Don’t put the state’s energy future at risk

Kermit the Frog was right all these years. Despite what Gov. M. Jodi Rell declared in her State of the State address in February, it’s not easy being green, at least not in Connecticut.

Last week, Gov. Rell proposed hijacking $54.5 million of energy efficiency and renewable energy funds annually to help plug the deficit. This proposal, which takes 50% of these funds for seven years, came in light of legislators blocking SB 484 in March, an earlier proposal that would have taken 37% of the funds. The proposal is baffling at best and represents a repeat of the raid that the Rowland Administration engaged in several years ago. Gov. Rell said she would not repeat that mistake, yet, this singularly successful aspect of Connecticut’s energy future is put at risk once again.

Our legislators have already firmly spoken out once this session, and several times last year, on the importance of protecting our state’s energy efficiency funds, recognizing the economic and environmental benefits the efficiency and conservation programs provide for our state. For example, energy efficiency funding invested in homes and businesses throughout the state provides approximately $4 in benefits and $5.6 in gross state product for every $1 invested, meaning the governor’s proposal would potentially cost Connecticut’s consumers and economy hundreds of millions of dollars each year.

Further, for every job that provides efficiency services, five to six jobs elsewhere in the state’s economy are supported because the money consumers save on energy is spent on other in-state goods and services instead of imported fossil fuels. These funds create much-needed jobs in tough economic times, keep jobs from leaving the state, lower costs for businesses and residents, benefit low-income customers, and provide large environmental benefits in the form of cleaner air and lower greenhouse gas emissions.

So where do these energy efficiency and conservation funds come from? They are collected by a fraction of a cent charge on nearly every electric bill in the state. These funds then go to help support the installation of renewable energy sources like solar panels and to fund Home Energy Solutions and small business energy assessments, low-income weatherization programs, rebates for CFLs and other energy efficient products, educational programs, and other programs accessible to all residents and businesses in this state. The funds help to reduce energy use and, in turn, help lower everyone’s electric bills.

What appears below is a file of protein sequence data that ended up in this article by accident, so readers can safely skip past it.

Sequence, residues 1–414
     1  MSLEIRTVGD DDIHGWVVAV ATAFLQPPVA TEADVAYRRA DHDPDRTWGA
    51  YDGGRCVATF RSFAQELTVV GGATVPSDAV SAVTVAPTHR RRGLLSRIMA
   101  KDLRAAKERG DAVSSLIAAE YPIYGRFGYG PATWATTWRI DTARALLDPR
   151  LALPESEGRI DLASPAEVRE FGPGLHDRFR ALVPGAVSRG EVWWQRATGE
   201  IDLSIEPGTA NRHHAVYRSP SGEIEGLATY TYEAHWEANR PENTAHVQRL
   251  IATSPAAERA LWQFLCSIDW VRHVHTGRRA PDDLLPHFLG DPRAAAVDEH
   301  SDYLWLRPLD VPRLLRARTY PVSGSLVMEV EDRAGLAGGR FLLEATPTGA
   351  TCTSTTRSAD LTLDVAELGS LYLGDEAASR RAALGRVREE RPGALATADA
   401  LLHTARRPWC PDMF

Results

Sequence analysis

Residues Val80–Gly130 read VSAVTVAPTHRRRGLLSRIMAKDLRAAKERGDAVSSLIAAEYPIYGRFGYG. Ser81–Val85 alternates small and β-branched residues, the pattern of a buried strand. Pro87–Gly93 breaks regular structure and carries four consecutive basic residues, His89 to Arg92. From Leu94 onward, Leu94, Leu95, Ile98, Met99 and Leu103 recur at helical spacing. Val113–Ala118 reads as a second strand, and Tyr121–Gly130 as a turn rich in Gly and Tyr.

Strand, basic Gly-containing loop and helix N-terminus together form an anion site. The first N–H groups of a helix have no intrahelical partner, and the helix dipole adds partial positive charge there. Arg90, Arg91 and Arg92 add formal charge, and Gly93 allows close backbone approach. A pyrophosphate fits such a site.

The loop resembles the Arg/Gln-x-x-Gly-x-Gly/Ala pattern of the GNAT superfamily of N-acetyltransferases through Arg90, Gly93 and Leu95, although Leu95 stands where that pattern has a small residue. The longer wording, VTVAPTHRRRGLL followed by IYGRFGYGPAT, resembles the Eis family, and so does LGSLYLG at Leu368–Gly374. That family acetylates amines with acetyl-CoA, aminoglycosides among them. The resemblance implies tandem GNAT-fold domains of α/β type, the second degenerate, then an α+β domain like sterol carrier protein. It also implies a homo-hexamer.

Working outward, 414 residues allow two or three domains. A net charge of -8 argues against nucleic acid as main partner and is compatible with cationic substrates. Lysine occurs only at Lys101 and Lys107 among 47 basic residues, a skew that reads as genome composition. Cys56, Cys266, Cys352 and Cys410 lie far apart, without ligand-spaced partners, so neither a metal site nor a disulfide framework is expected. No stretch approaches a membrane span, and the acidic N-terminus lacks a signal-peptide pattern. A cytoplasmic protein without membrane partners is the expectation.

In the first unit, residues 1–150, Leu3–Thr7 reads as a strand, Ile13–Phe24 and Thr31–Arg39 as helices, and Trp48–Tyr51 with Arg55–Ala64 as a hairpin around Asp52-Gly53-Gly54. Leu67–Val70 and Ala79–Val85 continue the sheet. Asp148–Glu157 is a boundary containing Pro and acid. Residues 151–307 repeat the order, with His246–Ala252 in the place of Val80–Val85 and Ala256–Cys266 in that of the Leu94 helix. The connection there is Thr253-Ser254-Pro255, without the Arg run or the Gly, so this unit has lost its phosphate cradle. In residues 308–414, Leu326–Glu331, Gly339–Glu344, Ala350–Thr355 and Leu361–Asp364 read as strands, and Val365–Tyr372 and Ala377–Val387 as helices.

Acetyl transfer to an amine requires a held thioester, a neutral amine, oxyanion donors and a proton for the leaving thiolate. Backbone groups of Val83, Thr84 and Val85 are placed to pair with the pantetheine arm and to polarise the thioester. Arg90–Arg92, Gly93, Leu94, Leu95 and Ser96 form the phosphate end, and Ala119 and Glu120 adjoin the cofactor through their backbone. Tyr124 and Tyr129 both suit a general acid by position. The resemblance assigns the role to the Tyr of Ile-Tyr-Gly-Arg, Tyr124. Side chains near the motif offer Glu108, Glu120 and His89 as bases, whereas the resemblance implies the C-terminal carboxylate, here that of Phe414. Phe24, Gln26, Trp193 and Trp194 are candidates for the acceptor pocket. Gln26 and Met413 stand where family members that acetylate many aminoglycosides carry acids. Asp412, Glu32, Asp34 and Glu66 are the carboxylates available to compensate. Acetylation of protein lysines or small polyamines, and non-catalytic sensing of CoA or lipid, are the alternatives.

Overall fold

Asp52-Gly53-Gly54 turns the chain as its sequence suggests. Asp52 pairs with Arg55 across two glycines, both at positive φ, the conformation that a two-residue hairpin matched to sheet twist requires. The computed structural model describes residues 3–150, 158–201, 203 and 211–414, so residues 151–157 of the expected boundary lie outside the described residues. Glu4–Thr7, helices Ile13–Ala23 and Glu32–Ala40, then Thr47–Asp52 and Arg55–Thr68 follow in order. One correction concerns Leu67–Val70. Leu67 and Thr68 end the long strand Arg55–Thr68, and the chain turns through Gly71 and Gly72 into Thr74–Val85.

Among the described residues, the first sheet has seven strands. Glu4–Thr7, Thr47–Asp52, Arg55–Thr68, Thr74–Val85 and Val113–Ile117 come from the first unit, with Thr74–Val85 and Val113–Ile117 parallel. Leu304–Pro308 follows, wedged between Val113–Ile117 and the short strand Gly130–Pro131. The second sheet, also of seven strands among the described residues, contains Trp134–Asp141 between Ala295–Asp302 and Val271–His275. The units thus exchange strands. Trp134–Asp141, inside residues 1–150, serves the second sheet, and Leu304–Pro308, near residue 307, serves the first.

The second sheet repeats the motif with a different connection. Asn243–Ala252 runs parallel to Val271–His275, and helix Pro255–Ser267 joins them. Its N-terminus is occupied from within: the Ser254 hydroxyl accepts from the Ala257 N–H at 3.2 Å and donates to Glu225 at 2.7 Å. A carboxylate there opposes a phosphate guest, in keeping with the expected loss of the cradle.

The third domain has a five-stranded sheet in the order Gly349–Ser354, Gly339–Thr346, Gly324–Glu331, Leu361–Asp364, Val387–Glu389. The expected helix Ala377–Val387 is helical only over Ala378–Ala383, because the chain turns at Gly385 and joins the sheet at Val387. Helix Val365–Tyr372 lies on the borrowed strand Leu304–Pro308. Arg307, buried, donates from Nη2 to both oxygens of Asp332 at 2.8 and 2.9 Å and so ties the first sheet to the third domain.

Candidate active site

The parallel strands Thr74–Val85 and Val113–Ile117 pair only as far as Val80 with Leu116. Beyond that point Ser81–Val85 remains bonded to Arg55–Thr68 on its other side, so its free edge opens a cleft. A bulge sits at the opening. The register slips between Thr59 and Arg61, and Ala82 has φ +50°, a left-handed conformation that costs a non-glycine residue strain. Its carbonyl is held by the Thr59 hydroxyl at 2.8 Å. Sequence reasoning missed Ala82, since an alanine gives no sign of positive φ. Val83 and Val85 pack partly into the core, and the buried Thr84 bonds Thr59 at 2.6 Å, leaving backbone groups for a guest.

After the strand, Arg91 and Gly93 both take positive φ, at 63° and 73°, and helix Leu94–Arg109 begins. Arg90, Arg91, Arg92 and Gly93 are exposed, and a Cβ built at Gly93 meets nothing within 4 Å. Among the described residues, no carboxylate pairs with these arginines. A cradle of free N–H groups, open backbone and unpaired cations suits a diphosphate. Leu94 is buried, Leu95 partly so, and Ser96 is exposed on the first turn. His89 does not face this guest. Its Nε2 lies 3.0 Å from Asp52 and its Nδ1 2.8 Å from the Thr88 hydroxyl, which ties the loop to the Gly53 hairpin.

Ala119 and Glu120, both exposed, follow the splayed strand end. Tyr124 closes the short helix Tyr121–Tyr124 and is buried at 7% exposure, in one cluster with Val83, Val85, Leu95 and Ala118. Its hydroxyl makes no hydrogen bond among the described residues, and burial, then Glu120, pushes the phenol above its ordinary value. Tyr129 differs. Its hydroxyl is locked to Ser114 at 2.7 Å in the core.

Gov. Rell’s plan would reach into everyone’s pocket and take a percentage for the deficit. Essentially customers are taking a double hit, because they are also losing 50% of the savings generated by these programs that help our residents and businesses.

This comes at a time when our neighbors like Massachusetts recently approved a plan to triple energy efficiency investments over three years. It’s not a surprise, then, when we spoke to a weatherization technician at the Earth Day event at the Capitol two weeks ago that he had considered moving to Massachusetts because the opportunities there were greater. He certainly won’t be the last to go if Gov. Rell gets her way.

It is way past time for the governor to, once and for all, abandon efforts to rob ratepayers’ wallets and to join with both Democratic and Republican legislators who are working to make Connecticut one of the most energy efficient states in the nation by expanding, rather than reducing, the nationally lauded programs that have already created thousands of jobs and saved consumers hundreds of millions of dollars. Our future, our economy, and our environment are worth proving Kermit wrong.

Jessie Stratton is Director of Government Relations for Environment Northeast. She lives in Hartford.

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